Gies, E. (2006). The Health Benefits of Parks. The Trust for Public Land. http://www.tpl.org/publications/books-reports/park-benefits/the-health-benefits-of-parks.html.

Kaplan, R., Kaplan, S. (1989) The experience of nature: A psychological perspective. New York: Cambridge University Press.

Kuo, F. E., Taylor, A. F. (2004) A Potential Natural Treatment for Attention-Deficit /Hyperactivity Disorder: Evidence From a National Study. American Journal of Public Health. 94(9): 1580-1586. http://www.ncbi.nlm.nih.gov/pmc/articles/pmc1448497/.

Lee, J., Park, B.-J., Tsunetsugu, Y., Kagawa, T., Miyazaki, Y. (2009). Restorative effects of viewing real forest landscapes, based on a comparison with urban landscapes. Scandinavian Journal of Forest Research. 24(3): 227-234. http://www.tandfonline.com/doi/abs/10.1080/02827580902903341#preview.

Lee, J., Park, B.-J., Tsunetsugu, Y., Ohra, T., Kagawa, T., Miyazaki, Y. (2011). Effect of forest bathing on physiological and psychological responses in young Japanese male subjects. Public Health. 125(2): 93-100. http://www.sciencedirect.com/science/article/pii/S0033350610003203.

Li, Q. (2010). Effect of forest bathing trips on human immune function. Environmental Health and Preventative Medicine. 15(1): 9-17. http://www.ncbi.nlm.nih.gov/pmc/articles/PMC2793341/.

Li, Q., Kawada, T. (undated but probably 2010). Healthy forest parks make healthy people: Forest environments enhance human immune function. Department of Hygiene and Public Health, Nippon Medical School, Tokyo, Japan. http://www.hphpcentral.com/wp-content/uploads/2010/09/5000-paper-by-Qing-Li2-2.pdf.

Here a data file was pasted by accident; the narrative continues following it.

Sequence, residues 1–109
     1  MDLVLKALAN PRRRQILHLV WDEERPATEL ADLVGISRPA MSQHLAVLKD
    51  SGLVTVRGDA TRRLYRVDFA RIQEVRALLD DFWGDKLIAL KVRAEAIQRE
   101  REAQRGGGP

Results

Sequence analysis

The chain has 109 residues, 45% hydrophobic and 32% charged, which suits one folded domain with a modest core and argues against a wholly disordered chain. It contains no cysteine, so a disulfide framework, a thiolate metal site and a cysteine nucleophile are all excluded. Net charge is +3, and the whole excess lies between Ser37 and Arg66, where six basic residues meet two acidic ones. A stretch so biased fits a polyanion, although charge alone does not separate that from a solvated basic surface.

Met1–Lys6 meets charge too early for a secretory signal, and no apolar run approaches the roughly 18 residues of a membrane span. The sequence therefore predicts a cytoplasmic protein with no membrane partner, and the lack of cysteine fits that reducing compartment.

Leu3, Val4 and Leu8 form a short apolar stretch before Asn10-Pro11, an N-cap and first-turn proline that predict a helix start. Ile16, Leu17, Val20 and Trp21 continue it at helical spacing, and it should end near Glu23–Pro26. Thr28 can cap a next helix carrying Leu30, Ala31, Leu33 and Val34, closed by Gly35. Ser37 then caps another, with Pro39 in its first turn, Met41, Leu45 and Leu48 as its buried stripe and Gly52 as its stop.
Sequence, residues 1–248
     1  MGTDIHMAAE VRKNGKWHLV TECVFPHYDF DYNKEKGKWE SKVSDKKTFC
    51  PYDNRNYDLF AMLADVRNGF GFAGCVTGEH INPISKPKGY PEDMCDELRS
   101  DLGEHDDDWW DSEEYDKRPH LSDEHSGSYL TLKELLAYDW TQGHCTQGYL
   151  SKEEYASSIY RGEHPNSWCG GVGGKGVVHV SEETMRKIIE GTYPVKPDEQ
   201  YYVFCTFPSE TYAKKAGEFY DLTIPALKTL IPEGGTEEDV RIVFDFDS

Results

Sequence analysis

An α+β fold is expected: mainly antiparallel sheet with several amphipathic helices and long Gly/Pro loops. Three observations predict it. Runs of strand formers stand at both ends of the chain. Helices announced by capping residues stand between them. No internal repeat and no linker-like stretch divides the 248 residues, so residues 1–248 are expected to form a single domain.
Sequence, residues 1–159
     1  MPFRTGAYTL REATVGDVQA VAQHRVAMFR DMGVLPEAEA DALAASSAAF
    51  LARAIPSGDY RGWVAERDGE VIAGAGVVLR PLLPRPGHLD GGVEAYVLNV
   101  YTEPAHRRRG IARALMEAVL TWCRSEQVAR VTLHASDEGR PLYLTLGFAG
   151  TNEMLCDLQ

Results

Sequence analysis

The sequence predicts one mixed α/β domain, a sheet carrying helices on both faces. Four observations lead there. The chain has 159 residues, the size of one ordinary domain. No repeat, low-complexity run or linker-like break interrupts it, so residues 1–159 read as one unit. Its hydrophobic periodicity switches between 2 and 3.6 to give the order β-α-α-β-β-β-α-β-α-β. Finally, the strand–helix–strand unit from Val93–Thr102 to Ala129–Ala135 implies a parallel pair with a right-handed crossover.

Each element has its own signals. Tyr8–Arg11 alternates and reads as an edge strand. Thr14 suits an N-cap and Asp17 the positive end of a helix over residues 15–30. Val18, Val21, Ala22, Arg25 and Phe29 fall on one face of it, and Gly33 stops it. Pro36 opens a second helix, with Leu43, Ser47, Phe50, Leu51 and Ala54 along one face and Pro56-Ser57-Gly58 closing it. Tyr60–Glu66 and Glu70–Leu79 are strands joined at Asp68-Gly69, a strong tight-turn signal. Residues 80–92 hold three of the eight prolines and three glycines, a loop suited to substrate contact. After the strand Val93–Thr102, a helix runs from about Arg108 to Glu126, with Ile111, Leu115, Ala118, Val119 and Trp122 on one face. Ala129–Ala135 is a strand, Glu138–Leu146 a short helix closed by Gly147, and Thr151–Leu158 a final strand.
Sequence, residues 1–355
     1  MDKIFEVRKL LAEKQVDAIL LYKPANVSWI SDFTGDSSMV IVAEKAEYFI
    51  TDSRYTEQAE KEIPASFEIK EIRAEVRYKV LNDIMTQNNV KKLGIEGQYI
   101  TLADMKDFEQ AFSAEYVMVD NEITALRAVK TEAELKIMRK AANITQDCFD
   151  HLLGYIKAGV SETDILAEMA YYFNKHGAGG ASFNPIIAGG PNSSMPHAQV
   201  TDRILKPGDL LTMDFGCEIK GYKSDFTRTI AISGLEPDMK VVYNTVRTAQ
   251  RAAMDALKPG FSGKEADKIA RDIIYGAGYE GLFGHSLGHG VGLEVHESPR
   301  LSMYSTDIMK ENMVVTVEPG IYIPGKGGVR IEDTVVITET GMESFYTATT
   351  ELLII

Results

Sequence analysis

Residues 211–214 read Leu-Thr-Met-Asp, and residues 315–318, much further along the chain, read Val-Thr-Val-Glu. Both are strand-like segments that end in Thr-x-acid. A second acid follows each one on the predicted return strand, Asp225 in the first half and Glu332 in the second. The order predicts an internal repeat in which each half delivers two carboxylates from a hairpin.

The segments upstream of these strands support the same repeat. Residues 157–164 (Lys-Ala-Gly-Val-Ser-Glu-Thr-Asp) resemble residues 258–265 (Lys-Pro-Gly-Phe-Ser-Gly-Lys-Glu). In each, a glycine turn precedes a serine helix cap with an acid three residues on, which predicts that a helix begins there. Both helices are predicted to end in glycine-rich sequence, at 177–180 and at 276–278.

Li, Q., Kobayashi, M., Kawada, T. (2008). Relationships Between Percentage of Forest Coverage and Standardized Mortality Ratios (SMR) of Cancers in all Prefectures in Japan. The Open Public Health Journal. 1: 1-7. http://www.benthamscience.com/open/tophj/articles/V001/1TOPHJ.pdf.

Li Q, Kobayashi M, Wakayama Y,Inagaki H, Katsumata M, Hirata Y, Hirata K, Shimizu T, Kawada T, Park BJ, Ohira T, Kagawa T, Miyazaki Y. (2009). Effect of phytoncide from trees on human natural killer cell function. International Journal of Immunopathology and Pharmacology. 22(4):951-959. http://europepmc.org/abstract/MED/20074458/reload=0;jsessionid=BnlPLmTxArJ6VpF0s4MU.6.

Li, Q., Morimoto, K., Nakadai, A., Inagaki, H., Katsumata, M., Shimizu, T., Hirata, Y., Hirata, K., Suzuki, H., Miyazaki, Y., Kagawa, T., Koyama, Y., Ohira, T., Takayama, N., Krensky, A.M., Kawada, T., (2007). Forest bathing enhances human natural killer activity and expression of anti-cancer proteins. International Journal of Immunopathology and Pharmacology. 20(2 Suppl 2):3-8.
http://www.ncbi.nlm.nih.gov/pubmed/17903349.

Li, Q., Nakadai, A., Matsushima, H., Miyazaki, Y., Krensky, A., Kawada, T., Morimoto, K. (2006) Phytoncides (Wood Essential Oils) Induce Human Natural Killer Cell Activity. Immunopharmacology and Immunotoxicology, 28:319-333. http://www.ncbi.nlm.nih.gov/pubmed/16873099.

Maas, J., Verheij, R., Groenewegen, P., de Vries, S., Spreeuwenberg, P. (2006). Greenspace, urbanity, and health: how strong is the relation? Journal of Epidemiology and Community Health. 60(7): 587-592. http://www.ncbi.nlm.nih.gov/pmc/articles/PMC2566234/.

Maller, C., Henderson-Wilson, C., Pryor, A., Prosser, L., Moore, M. (2008) Healthy parks, healthy people: The health benefits of contact with nature in a park context. A review of relevant literature. 2nd edition. Parks Victoria. http://parkweb.vic.gov.au/about-us/healthy-parks-healthy-people/the-research. (Scroll to the bottom of the page for the document.)